Can you tell I’m not from here?: Anecdotes of moving to Milwaukee

I finally am sitting in air conditioning, drinking a cold brew coffee at this cute, quirky, and hippiesque coffee shop on Brady street, and it feels so good. You never realize how much you could appreciate air conditioning until you start living without it, as I’m going to have to do from here on out. No matter. There are definitely worse things in life. I just have learned to appreciate air conditioning much more in the last few days.

Besides not having any air conditioning in my apartment, definitely something I’m going to have to adjust to, Milwaukee has greeted me mostly kindly, though it’s had it’s moments. Let me tell you some stories.

Living in a city is confusing, especially when you try to drive in it. Yes, I lived in Indianapolis, but Indianapolis is much more spread out. The streets are generally larger and much more spread out except the downtown area, which I never had much need to visit. Here, however, the streets leave much want for space, and you are never sure which ones are one-way and then suddenly become two-way, as I unfortunately found out as I turned onto a two-way from a one way and almost got hit by an incoming car from the other side.

The streets also go in all the directions imaginable, much less straight-forward, left, right, than in Indianapolis. Many curves exist, and many streets lead into other streets that often curve around to other streets that end up being only one-way.

The interstates aren’t any better. Hopelessly and gloriously confusing, many exit to the left to get onto other interstates, rather than on the right like most exits to streets. This left me not only confused but getting almost ran over by a rather giant dumpster truck. He blew his horn so loudly, I swear I felt my heart almost explode.

All I could think are two things: thank goodness I’m alive, despite the fact that I’m driving around like a crazy person because I’m unfamiliar with the way things work here, and if people couldn’t tell before, then they definitely can tell now. I’m most definitely not from here. Though I was hoping some people would show me some grace on the road due to my Indiana license plate, but alas, I was wrong. Oh well, lessons learned. It helps in knowing how to start learning to drive around in a city, a city with confusing roads and one-way streets.

In addition to trying to figure out the roads, I’ve been trying to figure out how the grocery stores work here. Of course they work much like they do at home with a few differences. I wanted some bagels from the bakery, and after asking for them, the lady kindly said that they were self-serve (duh, there was a door on the glass case that I should’ve seen). I realized there was no price tags anywhere, so I wasn’t sure if I bought them at the bakery or elsewhere, because back home you usually have a price-tag, or they give you one at the bakery counter. The lady kindly said that they could be purchased at any register, though with a look of confusion. I wanted to tell here that I’m sorry I’m asking so many stupid questions. I’m not from here, but I’m still trying my best not to stand out. I walked off, feeling like an idiot. Tant pis.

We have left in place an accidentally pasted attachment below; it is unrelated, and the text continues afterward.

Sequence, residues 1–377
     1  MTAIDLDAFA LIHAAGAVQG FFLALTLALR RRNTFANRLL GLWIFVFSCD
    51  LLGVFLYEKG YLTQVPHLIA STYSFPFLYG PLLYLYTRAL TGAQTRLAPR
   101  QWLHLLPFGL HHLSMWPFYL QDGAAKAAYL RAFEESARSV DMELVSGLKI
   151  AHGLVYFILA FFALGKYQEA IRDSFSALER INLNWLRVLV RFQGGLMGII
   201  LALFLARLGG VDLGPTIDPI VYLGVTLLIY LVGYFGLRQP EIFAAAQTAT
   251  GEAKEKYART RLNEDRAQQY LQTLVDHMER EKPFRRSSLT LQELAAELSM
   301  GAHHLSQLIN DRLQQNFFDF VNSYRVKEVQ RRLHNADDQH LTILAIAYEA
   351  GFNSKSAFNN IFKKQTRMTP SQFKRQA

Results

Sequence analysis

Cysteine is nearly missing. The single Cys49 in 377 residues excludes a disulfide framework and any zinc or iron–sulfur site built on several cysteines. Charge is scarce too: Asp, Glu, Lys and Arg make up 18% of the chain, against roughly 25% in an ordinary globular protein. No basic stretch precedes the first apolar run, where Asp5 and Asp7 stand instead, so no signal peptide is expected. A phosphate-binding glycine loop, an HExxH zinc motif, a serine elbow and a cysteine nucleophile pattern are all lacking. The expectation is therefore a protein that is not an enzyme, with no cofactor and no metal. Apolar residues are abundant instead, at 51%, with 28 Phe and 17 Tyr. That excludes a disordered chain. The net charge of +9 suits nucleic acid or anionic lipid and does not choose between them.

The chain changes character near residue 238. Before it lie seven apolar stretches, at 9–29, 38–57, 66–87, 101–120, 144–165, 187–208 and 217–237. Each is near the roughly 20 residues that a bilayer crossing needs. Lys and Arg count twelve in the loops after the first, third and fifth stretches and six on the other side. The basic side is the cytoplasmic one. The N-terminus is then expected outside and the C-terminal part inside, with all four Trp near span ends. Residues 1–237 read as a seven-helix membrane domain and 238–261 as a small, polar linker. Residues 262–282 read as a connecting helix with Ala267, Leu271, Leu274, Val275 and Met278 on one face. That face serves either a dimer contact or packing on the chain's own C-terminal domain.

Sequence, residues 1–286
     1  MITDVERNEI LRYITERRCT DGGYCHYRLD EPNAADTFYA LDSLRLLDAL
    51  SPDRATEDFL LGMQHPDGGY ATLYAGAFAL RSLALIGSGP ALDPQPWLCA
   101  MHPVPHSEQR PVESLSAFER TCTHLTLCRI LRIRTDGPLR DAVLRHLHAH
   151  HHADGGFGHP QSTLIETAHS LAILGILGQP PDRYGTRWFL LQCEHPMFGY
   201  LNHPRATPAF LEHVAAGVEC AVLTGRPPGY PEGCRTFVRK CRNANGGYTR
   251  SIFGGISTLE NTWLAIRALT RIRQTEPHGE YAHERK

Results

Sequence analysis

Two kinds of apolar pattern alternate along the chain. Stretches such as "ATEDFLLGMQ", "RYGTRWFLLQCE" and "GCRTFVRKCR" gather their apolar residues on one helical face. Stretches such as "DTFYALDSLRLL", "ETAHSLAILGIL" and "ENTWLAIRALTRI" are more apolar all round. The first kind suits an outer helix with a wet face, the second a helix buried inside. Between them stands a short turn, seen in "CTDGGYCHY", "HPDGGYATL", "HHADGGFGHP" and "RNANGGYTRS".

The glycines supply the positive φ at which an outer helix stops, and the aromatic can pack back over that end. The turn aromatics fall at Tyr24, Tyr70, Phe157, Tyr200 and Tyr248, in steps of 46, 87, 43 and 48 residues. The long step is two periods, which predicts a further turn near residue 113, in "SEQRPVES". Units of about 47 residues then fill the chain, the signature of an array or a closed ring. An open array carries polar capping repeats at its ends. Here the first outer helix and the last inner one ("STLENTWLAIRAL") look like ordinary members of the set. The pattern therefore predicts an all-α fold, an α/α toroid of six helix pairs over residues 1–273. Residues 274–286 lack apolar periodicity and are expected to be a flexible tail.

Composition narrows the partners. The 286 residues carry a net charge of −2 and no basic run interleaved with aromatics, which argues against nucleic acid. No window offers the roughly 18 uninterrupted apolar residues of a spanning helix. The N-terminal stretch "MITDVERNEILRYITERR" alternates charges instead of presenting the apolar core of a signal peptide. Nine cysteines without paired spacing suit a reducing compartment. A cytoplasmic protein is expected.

I also had a look of confusion on my face when the cashier asked me if I wanted paper or plastic. Paper or plastic what? Can you tell I’m not from here? She was referring to the grocery bags. You mean I have a choice? I can choose paper or plastic? I can choose to be more eco-friendly? What? That’s amazing. I chose paper, more likely to reuse, more likely to recycle. Though again, she looked confused as to why I paused and stammered. It’s okay. I’m not from here. I know that I seem out of place. haha.

Something else I noticed that everything is a decent amount more expensive here, as I should’ve expected living in a city. It was overwhelming how much more expensive. A few things were even a couple dollars more than what I would’ve expected at home or in France. Living here is definitely going to be different.

If my road and grocery story adventures weren’t enough, I’ve been blessed to discover that I have rather awkward neighbor(s). Unpacking means lots of boxes and stuffing leftover filling up my apartment. As I walked out of my apartment door to take some to the dumpster, my neighbor from across the hall came up and greeted me. No problem there. I don’t mind meeting my neighbors. Instead of saying his name at first, however, he went straight to asking me if I had just moved, which isn’t necessarily odd, but it was accompanied with a rather odd look. I said, ”yeah, just a few days ago. I’m Lindsey,” as I reached out my hand, he sort of reached out his and said, ”I’m Dan. I live just in that one,” pointing to his apartment. Now, this exchange wasn’t necessarily too odd, but afterwards, he just stood there for a few seconds just staring at me, while I obviously struggled with boxes in my hands. He didn’t offer to help me but rather just kept staring, not bothering to ask me more questions like most would, such as ”oh where did you move from?,” ”what brings you to Milwaukee?,” ”Do you have any family here?,” etc. etc. Nope, he just kept staring for a few more seconds, and then eventually said, ”well see you later,” and continued leaving the apartment building. I stood there for a few seconds still struggling with boxes confused, not really fully comprehending what had just happened. Well, at least my neighbors aren’t boring. That’s for sure.